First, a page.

iPhone Jupiter Tests, Moon
Posted: 5 February 2015
Clouds came in on Tuesday, 3 February 2015, wiping out an opportunity for imaging the International Space Station (ISS) that night. But the sky was clear on Wednesday, 4 February, for another ISS imaging opportunity.
Open: Wednesday, 4 February 2015, 1806 MST
Conditions: Mostly clear
After opening the observatory I synced the observatory clock to WWV. I then updated the ISS TLE for the night's pass using the AutoStar.
1824 MST: viewed Venus, 83X. Using 222X, a slight gibbous phase was visible.
1834 MST: slewed the 8" LX200-ACF to M42 (Orion Nebula) and began observing the Trapezium, 222X, as twilight was ending. After a few minutes switched to 83X and began watching the nebula appear as the sky brightness dimmed.
1843 MST: saw a bright satellite passing below Orion and moving eastward. As it approached the star Sirius it became almost as bright as Sirius. It was the Hubble Space Telescope.
1851 MST: added the Televue 2X PowerMate and began observing M42 at 166X.
1900 MST: began preparing for the ISS pass. Mounted the D7000 DSLR at prime focus + 2X PowerMate. Used Rigel for a focus test using the Bahtinov Mask. Tweaked the finderscope alignment. At 1905 MST: the eastern sky was beginning to brighten due to the rising waning gibbous moon. The Zodiacal Light was faintly visible in the western sky about 20 minutes before the end of Astronomical Twilight. 1910 MST: I was ready for the ISS pass which would begin at 1933 MST.
1922 MST: while waiting for the ISS pass to start, I noticed some clouds in the eastern sky being illuminated by the rising moon. A jet contrail looked like a long comet tail. Wish it had been a comet! This handheld photograph (slightly cropped from the full-frame photo) was taken using NightCap Pro on my iPhone 5s and shows Jupiter (bright object below center), the star Procyon (at the right), some moonlit clouds (bottom), and the long "comet tail" (lower right):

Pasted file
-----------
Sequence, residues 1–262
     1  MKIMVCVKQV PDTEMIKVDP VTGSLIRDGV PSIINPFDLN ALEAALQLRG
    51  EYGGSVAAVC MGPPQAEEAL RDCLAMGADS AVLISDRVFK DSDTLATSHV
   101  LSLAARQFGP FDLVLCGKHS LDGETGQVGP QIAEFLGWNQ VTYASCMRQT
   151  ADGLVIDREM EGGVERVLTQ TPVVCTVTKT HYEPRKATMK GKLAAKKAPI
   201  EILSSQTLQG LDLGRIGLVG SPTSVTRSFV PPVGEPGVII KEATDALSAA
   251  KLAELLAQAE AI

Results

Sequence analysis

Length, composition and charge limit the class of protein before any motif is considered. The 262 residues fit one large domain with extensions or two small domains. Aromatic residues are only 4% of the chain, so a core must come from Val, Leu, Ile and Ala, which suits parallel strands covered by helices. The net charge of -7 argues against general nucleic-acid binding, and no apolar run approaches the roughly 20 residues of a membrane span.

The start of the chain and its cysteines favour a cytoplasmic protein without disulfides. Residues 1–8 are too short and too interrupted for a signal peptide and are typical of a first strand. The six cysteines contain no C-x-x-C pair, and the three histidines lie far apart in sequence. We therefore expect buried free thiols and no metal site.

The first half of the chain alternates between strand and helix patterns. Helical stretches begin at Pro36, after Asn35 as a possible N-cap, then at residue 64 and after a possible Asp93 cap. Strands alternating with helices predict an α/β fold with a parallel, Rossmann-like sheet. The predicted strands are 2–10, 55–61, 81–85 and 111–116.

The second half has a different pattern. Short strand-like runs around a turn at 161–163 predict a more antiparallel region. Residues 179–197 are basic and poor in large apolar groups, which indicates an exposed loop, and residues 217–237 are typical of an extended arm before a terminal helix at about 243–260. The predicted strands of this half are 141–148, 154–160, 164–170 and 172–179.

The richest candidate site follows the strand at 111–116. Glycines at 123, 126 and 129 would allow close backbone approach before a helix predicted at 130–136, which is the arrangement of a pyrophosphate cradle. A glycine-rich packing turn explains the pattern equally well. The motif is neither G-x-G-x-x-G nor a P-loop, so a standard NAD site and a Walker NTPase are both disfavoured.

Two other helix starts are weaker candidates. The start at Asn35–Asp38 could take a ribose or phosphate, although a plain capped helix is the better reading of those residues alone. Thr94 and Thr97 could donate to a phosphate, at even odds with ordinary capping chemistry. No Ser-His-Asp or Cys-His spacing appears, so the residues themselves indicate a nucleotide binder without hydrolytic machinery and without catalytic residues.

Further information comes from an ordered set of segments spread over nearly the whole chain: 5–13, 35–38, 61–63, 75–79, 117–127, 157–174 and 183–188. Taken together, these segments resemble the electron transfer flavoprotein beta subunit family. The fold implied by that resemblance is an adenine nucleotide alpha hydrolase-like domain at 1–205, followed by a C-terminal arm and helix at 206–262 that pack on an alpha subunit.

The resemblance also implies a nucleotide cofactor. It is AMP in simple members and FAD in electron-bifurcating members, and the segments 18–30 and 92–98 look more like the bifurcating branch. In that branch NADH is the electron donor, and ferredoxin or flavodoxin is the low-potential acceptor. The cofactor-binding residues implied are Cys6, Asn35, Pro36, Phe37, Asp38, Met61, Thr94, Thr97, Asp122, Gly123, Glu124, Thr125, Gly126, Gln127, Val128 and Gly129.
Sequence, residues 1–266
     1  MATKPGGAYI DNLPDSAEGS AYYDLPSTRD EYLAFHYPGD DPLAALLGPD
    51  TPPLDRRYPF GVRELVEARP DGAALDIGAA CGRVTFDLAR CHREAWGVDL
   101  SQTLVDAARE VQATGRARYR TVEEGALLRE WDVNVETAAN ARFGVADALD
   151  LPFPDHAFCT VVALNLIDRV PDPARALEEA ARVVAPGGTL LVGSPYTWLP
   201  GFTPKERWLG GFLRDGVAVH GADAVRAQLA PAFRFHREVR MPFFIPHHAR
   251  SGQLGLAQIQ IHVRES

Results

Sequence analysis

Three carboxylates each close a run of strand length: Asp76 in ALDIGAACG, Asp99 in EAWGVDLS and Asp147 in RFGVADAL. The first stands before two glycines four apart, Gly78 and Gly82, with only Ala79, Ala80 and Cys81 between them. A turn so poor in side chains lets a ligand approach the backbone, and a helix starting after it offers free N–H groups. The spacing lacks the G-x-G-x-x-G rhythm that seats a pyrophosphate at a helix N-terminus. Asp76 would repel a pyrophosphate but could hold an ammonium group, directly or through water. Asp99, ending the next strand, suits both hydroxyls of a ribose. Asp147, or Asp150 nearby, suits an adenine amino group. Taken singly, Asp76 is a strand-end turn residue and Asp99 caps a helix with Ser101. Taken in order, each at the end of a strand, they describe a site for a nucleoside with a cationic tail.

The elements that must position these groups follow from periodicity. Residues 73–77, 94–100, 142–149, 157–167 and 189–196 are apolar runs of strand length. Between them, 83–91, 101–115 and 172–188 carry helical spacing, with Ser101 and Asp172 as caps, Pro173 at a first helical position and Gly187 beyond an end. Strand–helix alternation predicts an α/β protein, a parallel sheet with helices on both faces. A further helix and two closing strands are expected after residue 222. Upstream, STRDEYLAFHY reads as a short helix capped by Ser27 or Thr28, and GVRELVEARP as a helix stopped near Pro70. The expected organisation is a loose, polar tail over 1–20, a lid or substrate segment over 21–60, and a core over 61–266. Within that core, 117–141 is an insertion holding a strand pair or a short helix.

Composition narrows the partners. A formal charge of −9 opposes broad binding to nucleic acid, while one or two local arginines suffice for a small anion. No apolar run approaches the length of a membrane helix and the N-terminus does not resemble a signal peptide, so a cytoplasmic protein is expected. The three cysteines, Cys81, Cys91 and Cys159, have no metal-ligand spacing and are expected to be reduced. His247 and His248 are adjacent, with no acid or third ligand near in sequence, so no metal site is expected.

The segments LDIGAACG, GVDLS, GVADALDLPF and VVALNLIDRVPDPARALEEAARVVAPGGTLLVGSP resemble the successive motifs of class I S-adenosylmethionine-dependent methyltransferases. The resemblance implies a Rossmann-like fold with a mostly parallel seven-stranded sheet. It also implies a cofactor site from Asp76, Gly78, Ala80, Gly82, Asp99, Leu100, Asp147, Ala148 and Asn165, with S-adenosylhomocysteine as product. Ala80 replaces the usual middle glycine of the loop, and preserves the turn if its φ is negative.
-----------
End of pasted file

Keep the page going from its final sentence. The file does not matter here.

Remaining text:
1933 MST: picked up the ISS visually just above the southwestern horizon. I began to wonder how close the telescope would be to pointing in the right direction when it began tracking. I monitored the ISS in the sky for a few seconds and decided that pointing was going to be way off. Began manually slewing the telescope to the ISS as the tracking began. By the time I caught up with the ISS the short pass was half over. Tracking was not very good at this point. After making lots of manual tracking corrections I realized I had forgetten to start the video recording on the camera! Argh! Had never done that before. By this point, the ISS was entering the earth's shadow and fading out. Fortunately, an excellent pass will occur Thursday evening and the weather forecast is for clear skies.
1955 MST: removed the camera from the telescope and took a quick look at the moon, low in the east, 83X. Then took a quick look at Jupiter, 83X. The four Galilean Moons were visible. Began setting up for iPhone imaging of Jupiter. Mounted the iPhone using the modified MX-1 Afocal Adapter using a 9mm eyepiece (222X). I did some slo-mo (120 fps) video recordings using some digital zoom on the camera. I then added a 2X Barlow Lens (444X) and did more slo-mo digital zoom recordings. Switched to a 3X Telenegative and took more slo-mo digital zoom video recordings. All recordings were 20 seconds in length. During post-processing the recordings were stacked using Keith's Image Stacker, with final editing in GraphicConverter. Here are the results:
Using 444X with some digital zoom seemed to yield the best image. I plan to do more tests on future sessions and will probably use 444X.
2024 MST: ended imaging tests. Removed the iPhone from the telescope and slewed to the moon. Nice view at 83X, with a slight terminator visible. This iPhone afocal photograph was taken handheld over the 2" 24mm UWA (83X) eyepiece:
Close: Wednesday, 4 February 2015, 2045 MST
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